The Continuing Relevance of Marx
20 May 2009
Red is the universal symbol of socialism, communism, and Marxism, but it could just as well be green, for collectivist sentiments will always remain evergreen; they represent a perennial form of thought that will always find expression in every age. While the particular form that collectivist thought takes in a given era is specific to that era, it is a perennial tendency of thought and will in every era exhibit perennial properties. Since Marxism is a particular form of a perennial feature of thought, it can be expected to be historically viable. (There is a general principle implicit in this general claim, but I will leave this for another time.)
Since the nineteenth century, Marx has been the primary source of collectivist thought, and Marx will continue to be the primary representative for collectivist thought probably for some centuries to come. Not until another thinker of comparative stature emerges in the coming centuries to re-formulate a powerful collectivist vision on a level with that articulated by Marx will Marx himself be superseded.
The continuing relevance of Marx is attested to in last Saturday’s Financial Times, in which a review by Tony Barber of three books (The Rise and Fall of Communism by Archie Brown, The Frock-Coated Communist by Tristram Hunt, and Marx by Vincent Barnett) was titled Red Alert: Communism has long been discredited — but is there still mileage in the theories of Marx and Engels?
While with the end of the Cold War it became fashionable to speak of Marx being discredited or “proved wrong,” just as today, in the wake of the present financial crisis, it has become fashionable to dust off the tomes of Marx and seek their renewed relevance to the world situation, these twin events — the end of the Cold War and the present financial crisis — ought to have no special claim on our theoretical understanding other than the fact that they are important events that happened to have occurred during our life time. Other events will certainly occur in the future that will make Marxism seem more or less relevant, just as events have occurred in the past that made Marxism seem more or less relevant. The personal perspective on history is a kind of distortion, and one must work against being too much swayed by the events of one’s own time.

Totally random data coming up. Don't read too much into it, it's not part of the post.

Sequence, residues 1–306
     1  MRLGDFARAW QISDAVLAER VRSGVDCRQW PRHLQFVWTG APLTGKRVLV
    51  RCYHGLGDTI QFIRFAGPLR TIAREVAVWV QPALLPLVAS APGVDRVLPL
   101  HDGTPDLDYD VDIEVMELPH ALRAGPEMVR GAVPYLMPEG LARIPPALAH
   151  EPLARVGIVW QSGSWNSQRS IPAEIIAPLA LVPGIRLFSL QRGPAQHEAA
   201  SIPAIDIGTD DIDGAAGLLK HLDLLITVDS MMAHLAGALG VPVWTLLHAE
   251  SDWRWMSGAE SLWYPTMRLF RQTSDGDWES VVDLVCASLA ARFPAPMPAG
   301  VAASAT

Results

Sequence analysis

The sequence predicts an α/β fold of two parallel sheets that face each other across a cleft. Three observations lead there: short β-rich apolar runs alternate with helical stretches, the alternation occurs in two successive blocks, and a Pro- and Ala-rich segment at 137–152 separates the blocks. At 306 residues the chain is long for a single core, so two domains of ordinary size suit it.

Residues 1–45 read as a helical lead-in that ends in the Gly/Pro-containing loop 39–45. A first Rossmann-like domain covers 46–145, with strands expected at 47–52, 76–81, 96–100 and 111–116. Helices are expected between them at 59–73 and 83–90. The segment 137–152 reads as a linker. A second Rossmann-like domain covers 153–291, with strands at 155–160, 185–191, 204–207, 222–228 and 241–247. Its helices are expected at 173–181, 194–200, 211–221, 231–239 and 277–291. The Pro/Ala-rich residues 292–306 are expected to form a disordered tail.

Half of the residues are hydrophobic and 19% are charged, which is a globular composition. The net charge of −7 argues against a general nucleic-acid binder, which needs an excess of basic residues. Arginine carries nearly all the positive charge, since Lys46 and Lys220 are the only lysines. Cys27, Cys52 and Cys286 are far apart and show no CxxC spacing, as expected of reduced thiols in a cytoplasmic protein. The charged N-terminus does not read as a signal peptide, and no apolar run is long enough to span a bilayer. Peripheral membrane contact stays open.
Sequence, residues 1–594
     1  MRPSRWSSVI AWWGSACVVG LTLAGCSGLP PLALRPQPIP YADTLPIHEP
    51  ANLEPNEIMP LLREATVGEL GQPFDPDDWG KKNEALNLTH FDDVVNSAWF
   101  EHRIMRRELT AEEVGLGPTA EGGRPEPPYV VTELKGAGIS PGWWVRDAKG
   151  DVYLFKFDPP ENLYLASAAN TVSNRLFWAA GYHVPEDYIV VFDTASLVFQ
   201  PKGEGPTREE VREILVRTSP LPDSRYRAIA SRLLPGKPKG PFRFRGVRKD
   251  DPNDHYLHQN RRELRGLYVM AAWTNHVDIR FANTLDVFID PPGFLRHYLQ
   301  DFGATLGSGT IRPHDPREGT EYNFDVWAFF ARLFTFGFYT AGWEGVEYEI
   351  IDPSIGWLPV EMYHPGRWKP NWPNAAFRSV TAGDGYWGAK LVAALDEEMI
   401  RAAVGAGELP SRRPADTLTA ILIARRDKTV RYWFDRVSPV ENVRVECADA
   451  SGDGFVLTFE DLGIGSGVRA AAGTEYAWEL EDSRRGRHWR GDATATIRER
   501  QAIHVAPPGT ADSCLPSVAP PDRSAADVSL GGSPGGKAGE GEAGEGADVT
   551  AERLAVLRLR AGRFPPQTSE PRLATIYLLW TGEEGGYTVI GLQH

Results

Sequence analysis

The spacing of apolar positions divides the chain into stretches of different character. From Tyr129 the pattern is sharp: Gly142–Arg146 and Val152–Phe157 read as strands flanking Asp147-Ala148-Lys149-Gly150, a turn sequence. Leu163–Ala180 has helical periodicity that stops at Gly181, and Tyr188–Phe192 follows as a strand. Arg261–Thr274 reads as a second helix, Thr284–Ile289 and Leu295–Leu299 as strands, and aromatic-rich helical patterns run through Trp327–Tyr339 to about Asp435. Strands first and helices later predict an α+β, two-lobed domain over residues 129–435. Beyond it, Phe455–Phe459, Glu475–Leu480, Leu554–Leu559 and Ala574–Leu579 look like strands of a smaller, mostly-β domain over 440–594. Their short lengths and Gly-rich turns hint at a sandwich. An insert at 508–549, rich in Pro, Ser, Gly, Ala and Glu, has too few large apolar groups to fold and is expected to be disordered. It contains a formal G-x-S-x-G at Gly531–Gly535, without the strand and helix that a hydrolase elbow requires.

In my Globalization and Marxism I argued that Marxism has still not received its experimentum crusis, and may in fact never be subject to a crucial experiment that could decisively and definitively determine the truth value of Marxism’s most fundamental propositions.
A couple of days ago in Marcuse on the Post-WWII settlement I mentioned Marcuse’s post-World War Two reflections on Marxism and the probability (or lack thereof) of proletarian revolution and what Marcuse called “orthodox Marxism” (of which he apparently considered himself a representative).
The “33 Theses” referenced in the above-mentioned post makes for fascinating reading, and I hope to return to this work by Marcuse in future posts. Marcuse takes the post-World War Two condition of Europe as his starting point, and at that point it is apparent that he already at that time considers orthodox Marxism to be defeated (or, at least, not a force to be reckoned with at that time in history). The Soviet Union at that time, even for orthodox Marxists, did not seem to present any hope for leading the vanguard of worldwide proletarian revolution.
Several of the pieces in Marcuse’s Technology, War and Fascism, Collected Papers of Herbert Marcuse, Volume One, are similarly prescient; his orthodox Marxism has not impaired the rigor and objectivity of his scholarship. There is much to be learned here, still today, as there was much that could have been learned from it in Marcuse’s time that would have made the “Red Scare” that much less scary. But this is a large topic that cannot be adequately treated with an extemporaneous remark like that.
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